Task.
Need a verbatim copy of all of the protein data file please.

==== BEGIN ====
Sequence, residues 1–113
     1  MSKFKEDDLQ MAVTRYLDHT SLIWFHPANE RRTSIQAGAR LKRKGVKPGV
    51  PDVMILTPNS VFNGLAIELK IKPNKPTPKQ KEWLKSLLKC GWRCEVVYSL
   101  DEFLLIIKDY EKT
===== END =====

Sequence, residues 1–113
     1  MSKFKEDDLQ MAVTRYLDHT SLIWFHPANE RRTSIQAGAR LKRKGVKPGV
    51  PDVMILTPNS VFNGLAIELK IKPNKPTPKQ KEWLKSLLKC GWRCEVVYSL
   101  DEFLLIIKDY EKT